Due to the lack of regulation, the CBD industry and multitude of products can be a slippery slope to navigate. Just as it pays to educate yourself on every other platform with regard to what goes into your body, it pays to learn and understand as much as you can about what is in the marijuana and cannabis product you consume.
One of the most integral considerations when searching for a cannabis brand is the method of extraction it employs.
Companies that operate in anything less than a completely transparent manner potentially cut corners and utilize chemical solvents such as lighter fluid, (butane) and often hexane; chemical solvent extraction results in a product with potentially harmful residues.
Unless you’re interested in a little extra chemicals with your CBD, we would advise you to source your CBD and THC from brands that use CO2 extraction only! This process kills harmful bacteria and ensures more terpenes and cannabinoids end up in the final CBD products.
The CO2 extraction process is becoming a popular one, and science backs it.
A recent study by Jin Et Al, published in the March 2010 edition of Natural Product Communications, looked at supercritical CO2 extraction of a type of Japanese Cypress. The research team was able to determine the exact essential oil composition of the leaves and trunks of the tree.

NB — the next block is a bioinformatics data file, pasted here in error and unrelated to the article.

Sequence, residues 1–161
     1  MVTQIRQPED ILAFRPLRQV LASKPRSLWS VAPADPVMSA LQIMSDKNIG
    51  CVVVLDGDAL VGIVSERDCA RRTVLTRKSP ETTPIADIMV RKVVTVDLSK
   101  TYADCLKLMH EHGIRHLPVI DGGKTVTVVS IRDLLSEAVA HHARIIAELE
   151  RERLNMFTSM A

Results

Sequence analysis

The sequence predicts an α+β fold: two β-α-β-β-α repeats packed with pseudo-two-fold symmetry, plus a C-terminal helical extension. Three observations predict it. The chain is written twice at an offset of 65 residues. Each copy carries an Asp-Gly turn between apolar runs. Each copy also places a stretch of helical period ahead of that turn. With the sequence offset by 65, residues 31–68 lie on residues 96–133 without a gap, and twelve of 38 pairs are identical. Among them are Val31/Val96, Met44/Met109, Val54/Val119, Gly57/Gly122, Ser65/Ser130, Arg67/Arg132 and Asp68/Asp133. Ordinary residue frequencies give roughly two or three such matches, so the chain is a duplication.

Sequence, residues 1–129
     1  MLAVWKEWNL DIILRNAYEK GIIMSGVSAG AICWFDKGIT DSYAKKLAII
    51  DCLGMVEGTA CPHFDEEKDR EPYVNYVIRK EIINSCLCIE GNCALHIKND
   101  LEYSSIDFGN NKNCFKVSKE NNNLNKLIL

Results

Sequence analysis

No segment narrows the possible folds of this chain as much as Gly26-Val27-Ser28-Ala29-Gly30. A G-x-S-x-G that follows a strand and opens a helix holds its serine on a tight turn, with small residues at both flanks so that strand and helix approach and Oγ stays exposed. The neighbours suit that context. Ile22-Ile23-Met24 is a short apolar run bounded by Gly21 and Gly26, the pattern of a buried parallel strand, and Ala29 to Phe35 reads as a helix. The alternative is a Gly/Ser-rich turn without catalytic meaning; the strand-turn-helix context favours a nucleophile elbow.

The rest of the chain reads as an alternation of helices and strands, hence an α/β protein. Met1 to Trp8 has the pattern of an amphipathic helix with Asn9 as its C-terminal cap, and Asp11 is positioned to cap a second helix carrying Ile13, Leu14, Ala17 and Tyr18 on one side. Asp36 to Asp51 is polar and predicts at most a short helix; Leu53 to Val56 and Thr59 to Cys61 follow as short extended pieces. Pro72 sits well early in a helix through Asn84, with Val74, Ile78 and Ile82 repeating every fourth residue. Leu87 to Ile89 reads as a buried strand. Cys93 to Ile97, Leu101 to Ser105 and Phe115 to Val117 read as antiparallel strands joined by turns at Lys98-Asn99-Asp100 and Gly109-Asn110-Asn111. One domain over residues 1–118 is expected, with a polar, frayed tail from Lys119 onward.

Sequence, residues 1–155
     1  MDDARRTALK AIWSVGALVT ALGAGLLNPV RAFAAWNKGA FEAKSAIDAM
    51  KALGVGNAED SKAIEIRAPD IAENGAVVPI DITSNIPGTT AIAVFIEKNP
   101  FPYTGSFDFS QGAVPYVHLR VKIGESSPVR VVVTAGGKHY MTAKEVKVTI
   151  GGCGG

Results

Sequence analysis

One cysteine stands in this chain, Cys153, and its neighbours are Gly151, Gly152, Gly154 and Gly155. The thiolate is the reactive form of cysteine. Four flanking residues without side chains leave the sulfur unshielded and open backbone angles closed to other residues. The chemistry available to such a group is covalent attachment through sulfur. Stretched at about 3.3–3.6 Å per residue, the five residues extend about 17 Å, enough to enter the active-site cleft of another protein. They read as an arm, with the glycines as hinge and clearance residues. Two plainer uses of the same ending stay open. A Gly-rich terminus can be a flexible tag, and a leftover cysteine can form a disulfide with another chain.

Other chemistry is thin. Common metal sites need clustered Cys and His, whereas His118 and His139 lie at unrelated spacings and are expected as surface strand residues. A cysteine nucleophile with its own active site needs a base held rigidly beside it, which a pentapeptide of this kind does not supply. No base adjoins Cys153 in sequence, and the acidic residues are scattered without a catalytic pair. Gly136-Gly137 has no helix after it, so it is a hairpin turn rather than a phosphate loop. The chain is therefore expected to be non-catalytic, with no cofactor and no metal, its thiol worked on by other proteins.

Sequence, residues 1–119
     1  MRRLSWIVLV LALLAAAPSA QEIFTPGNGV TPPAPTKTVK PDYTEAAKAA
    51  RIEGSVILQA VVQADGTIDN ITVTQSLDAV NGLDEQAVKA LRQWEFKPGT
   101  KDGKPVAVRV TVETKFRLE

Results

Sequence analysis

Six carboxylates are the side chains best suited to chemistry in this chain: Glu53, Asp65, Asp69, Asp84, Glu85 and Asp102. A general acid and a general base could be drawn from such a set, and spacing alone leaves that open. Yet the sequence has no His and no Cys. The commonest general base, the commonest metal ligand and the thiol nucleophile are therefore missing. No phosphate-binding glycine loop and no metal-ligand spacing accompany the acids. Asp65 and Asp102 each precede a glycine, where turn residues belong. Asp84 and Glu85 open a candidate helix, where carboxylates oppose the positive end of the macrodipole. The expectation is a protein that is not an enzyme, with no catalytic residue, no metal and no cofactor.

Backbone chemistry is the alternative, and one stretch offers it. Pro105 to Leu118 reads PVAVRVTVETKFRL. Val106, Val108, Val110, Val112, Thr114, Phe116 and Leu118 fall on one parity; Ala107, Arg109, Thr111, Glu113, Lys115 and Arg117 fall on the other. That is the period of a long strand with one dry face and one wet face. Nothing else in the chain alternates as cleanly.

Benefits of CO2 Extraction:
CO2 is considered a ‘green solvent.’ Whether it is CBD extraction or THC extraction, the use of carbon dioxide provides a cleaner and healthier end product. Humans produce CO2 naturally as part of the breathing process, breathing in oxygen and then carbon dioxide as we exhale.
Unlike solvents such as butane, CO2 extraction is fully recyclable, contains no chemical residues, and very cost-effective.
Supercritical CO2 extraction also has notable unique properties.
- Easily adaptable- You can fine-tune the solvation strength by adjusting the density of the liquid.
- Less is more- Moderate critical constants
- It is non-flammable, inert, and non-toxic.
- Purest possible extraction- Carbon dioxide leaves low levels of residue compared to other solvents, allowing for large output quantities in the purest form.
- Less dangerous- The critical temperature of CO2 is near-ambient, which makes it is an ideal solvent for temperature-sensitive materials.
A recent study by Peach and Eastoe, published in the Beilstein Journal of Organic Chemistry in August 2014, discussed supercritical CO2, describing it as “a solvent like no other.”
This particular study looked at how supercritical CO2 could become a major aspect of a movement towards green chemistry. Pioneering the way for a better, brighter, cleaner cannabis culture.